There is just the two of us on board, and we a taking 4 hour watches each through out the day and night. Some people ask 'what do you do a night, stop the boat and go to bed' well no, we continue on 24/7 day in day out. taking it in turns to 'keep watch' and look after the boat. 4 hours on 4 hours off, that means in a 24 hour period you 'work' for 12 hours and rest for 12 hours, well that's the idea, and it works pretty well. The night watches do tend to be most difficult to stay awake for, but after a few days you get used to it. It is important to make sure you get your head down when you are off watch during the day so you do not get over tired at night. It is important when you are on watch to keep your mind occupied, by writing a blog, navigation, reading a book or taking the dog for a walk, perhaps a bit of gardening. There is always something to be done, cleaning, cooking, washing, fixing things, and sometimes I get me fiddle out and play a tune. I have given up on fishing. ohh, that reminds me we have managed to catch some flying fish again, we get about one a day landing on the deck. Talking of wildlife we have not seen any dolphins or whales on this passage or many sea birds, but yesterday morning at least 300 miles from anywhere we were joined for a while by three 'man o war birds' the white ones with the long tail feathers. Anyway, back to watch keeping. During the day we to spend a couple of hours up and about together, during the day when off watch I try to sleep for 2 of the 4hrs and am up and about for the other two hours doing things, we do always try and eat breakfast, lunch and supper together. It does take a few days to get into the swing of things, the first couple of nights you think, 'how many more nights have I got to put up with this, but then you forget about it, night turns into day and day turns into night, ad infinitum, and you forget how many days you have been at sea and do not really care how many more days it will take to arrive somewhere you just get up one morning and there be 'land ho'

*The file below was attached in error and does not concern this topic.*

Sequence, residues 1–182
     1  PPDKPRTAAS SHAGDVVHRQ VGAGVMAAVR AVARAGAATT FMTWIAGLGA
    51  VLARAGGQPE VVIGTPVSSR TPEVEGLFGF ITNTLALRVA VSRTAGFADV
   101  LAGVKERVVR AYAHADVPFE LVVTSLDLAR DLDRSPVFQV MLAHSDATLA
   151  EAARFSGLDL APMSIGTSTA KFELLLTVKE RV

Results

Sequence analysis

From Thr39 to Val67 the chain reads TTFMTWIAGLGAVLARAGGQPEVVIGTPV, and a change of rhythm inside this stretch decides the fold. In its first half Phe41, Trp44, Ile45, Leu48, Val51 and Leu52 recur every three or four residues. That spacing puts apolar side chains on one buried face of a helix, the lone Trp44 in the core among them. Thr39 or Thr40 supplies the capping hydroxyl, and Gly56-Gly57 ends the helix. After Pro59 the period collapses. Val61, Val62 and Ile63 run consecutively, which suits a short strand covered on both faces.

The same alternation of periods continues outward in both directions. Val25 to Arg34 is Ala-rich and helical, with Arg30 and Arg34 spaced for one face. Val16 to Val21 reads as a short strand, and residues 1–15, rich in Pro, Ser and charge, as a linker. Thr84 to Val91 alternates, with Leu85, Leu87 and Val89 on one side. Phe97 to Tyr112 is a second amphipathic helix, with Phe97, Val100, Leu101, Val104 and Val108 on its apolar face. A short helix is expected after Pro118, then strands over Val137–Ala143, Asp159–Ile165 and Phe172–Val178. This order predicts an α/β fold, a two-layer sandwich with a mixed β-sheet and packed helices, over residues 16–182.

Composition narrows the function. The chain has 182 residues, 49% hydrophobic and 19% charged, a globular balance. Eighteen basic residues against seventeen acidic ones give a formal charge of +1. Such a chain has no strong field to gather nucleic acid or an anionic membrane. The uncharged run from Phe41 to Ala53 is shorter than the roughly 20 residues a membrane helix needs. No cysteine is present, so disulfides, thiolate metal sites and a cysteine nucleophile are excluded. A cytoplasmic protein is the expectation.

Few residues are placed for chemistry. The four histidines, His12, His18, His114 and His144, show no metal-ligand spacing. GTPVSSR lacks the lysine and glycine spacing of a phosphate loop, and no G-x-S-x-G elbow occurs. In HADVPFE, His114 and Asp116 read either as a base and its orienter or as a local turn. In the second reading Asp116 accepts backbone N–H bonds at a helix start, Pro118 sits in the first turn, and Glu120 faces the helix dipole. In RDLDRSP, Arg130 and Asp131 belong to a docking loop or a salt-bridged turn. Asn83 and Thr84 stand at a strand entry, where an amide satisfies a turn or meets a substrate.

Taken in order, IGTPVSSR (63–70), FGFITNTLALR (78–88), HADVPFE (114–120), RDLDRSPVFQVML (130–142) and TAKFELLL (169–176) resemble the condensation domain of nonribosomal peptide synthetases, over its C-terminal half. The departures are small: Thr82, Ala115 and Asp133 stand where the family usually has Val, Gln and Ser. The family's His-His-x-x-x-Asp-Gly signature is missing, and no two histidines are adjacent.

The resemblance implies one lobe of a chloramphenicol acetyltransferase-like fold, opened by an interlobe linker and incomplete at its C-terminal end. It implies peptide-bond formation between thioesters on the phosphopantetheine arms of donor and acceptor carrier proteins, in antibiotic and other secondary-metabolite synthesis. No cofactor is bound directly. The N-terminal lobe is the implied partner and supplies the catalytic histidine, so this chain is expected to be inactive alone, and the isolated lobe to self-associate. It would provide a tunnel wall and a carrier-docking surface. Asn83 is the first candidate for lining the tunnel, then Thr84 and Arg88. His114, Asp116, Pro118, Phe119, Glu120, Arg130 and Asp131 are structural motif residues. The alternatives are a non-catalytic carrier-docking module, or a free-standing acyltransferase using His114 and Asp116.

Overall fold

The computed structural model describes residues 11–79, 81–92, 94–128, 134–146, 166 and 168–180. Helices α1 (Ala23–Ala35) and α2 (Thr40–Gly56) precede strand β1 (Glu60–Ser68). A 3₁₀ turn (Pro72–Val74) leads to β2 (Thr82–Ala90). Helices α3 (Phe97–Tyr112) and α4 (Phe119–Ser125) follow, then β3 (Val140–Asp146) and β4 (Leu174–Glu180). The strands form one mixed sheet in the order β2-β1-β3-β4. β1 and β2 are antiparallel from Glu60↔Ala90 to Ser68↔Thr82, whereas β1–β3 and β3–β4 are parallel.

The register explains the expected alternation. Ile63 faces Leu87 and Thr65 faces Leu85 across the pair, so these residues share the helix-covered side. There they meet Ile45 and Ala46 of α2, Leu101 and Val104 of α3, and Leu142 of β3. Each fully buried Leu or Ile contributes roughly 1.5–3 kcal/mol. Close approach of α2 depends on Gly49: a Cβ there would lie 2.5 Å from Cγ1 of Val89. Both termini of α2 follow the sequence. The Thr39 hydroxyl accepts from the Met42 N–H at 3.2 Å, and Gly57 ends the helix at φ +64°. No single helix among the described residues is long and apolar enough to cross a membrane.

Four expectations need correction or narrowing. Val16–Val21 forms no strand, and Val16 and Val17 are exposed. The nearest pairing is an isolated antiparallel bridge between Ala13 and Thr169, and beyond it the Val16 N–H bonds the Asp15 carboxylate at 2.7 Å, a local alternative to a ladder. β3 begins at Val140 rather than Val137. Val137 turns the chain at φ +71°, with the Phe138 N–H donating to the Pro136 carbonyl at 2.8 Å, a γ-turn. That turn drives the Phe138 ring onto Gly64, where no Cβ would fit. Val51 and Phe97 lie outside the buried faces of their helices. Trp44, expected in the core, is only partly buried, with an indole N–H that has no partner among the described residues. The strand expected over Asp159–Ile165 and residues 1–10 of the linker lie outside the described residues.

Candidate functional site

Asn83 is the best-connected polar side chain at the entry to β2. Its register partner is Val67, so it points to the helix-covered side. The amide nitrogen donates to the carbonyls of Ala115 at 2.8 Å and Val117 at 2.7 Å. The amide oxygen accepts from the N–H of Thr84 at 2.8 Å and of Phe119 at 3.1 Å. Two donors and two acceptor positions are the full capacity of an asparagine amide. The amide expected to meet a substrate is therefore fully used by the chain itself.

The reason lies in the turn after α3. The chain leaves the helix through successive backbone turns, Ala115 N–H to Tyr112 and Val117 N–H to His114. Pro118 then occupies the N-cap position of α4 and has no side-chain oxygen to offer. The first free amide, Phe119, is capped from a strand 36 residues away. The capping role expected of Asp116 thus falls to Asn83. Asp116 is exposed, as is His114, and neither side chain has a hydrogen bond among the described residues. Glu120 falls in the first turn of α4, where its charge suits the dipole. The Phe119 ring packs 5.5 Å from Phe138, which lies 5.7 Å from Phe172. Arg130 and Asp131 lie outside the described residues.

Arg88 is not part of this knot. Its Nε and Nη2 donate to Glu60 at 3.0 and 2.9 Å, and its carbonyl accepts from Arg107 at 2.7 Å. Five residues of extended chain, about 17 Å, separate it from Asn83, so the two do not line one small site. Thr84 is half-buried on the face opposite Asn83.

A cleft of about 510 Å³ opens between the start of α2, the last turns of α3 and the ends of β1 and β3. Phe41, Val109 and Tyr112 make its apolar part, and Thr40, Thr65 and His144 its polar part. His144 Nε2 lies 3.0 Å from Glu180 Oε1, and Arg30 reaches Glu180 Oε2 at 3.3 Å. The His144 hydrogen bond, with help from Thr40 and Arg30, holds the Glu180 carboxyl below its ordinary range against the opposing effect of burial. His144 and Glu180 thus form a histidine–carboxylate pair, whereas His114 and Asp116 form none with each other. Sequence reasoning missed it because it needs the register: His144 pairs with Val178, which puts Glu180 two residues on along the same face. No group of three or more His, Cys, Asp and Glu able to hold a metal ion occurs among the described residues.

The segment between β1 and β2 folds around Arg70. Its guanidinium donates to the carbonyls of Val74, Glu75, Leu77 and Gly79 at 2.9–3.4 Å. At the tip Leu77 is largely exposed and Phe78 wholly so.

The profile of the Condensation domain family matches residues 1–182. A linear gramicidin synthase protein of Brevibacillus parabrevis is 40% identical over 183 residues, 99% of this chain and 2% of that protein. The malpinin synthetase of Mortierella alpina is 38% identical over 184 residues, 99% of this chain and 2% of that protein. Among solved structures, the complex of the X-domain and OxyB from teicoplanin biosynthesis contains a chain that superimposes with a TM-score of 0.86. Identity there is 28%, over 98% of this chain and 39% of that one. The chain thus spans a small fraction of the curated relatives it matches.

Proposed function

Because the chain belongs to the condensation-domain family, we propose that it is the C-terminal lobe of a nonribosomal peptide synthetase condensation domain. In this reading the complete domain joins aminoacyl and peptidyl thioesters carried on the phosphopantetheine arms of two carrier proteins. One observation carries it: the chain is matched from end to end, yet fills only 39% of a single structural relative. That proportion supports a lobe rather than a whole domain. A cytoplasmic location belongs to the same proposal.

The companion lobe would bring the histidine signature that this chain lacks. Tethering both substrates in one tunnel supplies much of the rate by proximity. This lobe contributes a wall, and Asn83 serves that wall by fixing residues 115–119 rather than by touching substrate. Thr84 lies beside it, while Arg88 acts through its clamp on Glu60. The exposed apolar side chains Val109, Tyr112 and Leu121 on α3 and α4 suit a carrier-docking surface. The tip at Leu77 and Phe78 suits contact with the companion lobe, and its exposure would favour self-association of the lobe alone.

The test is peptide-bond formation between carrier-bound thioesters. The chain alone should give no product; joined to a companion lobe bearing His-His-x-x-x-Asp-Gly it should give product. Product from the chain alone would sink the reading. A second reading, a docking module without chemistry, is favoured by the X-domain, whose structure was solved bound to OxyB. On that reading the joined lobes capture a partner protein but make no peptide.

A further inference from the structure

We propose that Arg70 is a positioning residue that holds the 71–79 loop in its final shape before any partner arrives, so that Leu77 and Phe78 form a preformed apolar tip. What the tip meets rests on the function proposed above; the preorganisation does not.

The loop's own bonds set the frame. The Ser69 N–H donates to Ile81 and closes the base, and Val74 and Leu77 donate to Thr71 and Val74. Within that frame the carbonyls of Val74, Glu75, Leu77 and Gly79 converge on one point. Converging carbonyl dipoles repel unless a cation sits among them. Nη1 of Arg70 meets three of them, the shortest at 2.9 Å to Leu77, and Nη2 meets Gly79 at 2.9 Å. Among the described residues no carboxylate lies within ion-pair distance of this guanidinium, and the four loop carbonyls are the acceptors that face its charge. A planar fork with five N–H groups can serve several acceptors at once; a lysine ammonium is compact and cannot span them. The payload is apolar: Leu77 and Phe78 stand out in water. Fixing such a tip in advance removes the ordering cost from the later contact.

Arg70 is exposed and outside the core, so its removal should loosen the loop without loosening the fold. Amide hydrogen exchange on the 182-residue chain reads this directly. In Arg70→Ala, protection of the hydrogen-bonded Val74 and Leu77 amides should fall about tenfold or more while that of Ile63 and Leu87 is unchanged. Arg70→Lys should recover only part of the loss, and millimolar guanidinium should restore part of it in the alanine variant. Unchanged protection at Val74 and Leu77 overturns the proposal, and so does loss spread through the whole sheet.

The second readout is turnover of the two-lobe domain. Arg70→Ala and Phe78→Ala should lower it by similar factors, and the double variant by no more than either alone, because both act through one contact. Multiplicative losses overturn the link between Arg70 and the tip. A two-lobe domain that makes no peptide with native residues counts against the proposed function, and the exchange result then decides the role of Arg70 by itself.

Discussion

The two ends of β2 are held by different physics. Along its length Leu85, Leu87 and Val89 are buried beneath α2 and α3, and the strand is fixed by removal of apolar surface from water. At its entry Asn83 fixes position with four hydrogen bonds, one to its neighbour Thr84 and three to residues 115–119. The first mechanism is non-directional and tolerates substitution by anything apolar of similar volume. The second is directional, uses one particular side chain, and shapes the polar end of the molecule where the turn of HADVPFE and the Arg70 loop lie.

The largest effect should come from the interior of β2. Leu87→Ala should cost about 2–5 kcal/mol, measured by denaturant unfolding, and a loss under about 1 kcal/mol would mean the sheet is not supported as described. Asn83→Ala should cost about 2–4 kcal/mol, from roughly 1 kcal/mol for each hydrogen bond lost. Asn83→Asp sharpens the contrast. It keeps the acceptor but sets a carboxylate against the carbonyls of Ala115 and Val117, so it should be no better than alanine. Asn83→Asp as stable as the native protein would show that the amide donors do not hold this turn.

It is a perfectly clear sky tonight as I sit up on deck writing to you. There is no moon at the moment but i can see a sky full of stars, its 11:00pm here the moon will rise to the east in an hour or so and the sun will start to show it arrival with its warm glow about 5:30am and poke its head up above the horizon an hour later. It is sooo dark I can't see where the sea ends and the sky begins. I see what I think to be lights of a ship on the horizon, then a few minutes later I realise its a star low in the sky.

Its nearly midnight now, and Alison has just crawled out of her bunk to take her watch, its time I went down below for a kip myself, but I will be back in 4 hours.

The Echomax active radar alarm has just started beeping there must be another vessel out there somewhere, perhaps it is a ship and not a star after all, nothing showing up on AIS or the radar screen as yet. The Echomax will detect another radar up to about 30-40 miles away, our radar scanner will not pick it up until 5-10miles, the AIS may be 20 miles.

Goodnight all

Fayre Wynds and Kynd Seas

Richard and Alison yacht Cerulean of Penryn

if you want to see pictures or more look us up on for us at www.yachtcerulean.com facebook @yachtcerulean, instagram and if that is not enough you can always search 'Yacht Cerulean' on youtube if you are really bored.
Cerulean of Penryn's Photos - Main
Photos of rigging failure; Lower Aft stays; Bermuda to Horta; 22/05/2019
10 Photos
Created 25 May 2019
Passage along the south coast from Gosport to Plymouth
2 Photos
Created 1 November 2018
1 Photo
Created 27 October 2018